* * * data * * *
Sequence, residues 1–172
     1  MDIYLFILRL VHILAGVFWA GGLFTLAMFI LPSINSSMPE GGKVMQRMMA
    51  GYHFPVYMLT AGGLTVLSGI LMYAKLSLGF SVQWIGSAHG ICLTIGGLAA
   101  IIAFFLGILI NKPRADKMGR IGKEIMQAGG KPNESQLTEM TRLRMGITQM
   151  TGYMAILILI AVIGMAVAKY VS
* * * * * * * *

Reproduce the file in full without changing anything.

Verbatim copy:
Sequence, residues 1–172
     1  MDIYLFILRL VHILAGVFWA GGLFTLAMFI LPSINSSMPE GGKVMQRMMA
    51  GYHFPVYMLT AGGLTVLSGI LMYAKLSLGF SVQWIGSAHG ICLTIGGLAA
   101  IIAFFLGILI NKPRADKMGR IGKEIMQAGG KPNESQLTEM TRLRMGITQM
   151  TGYMAILILI AVIGMAVAKY VS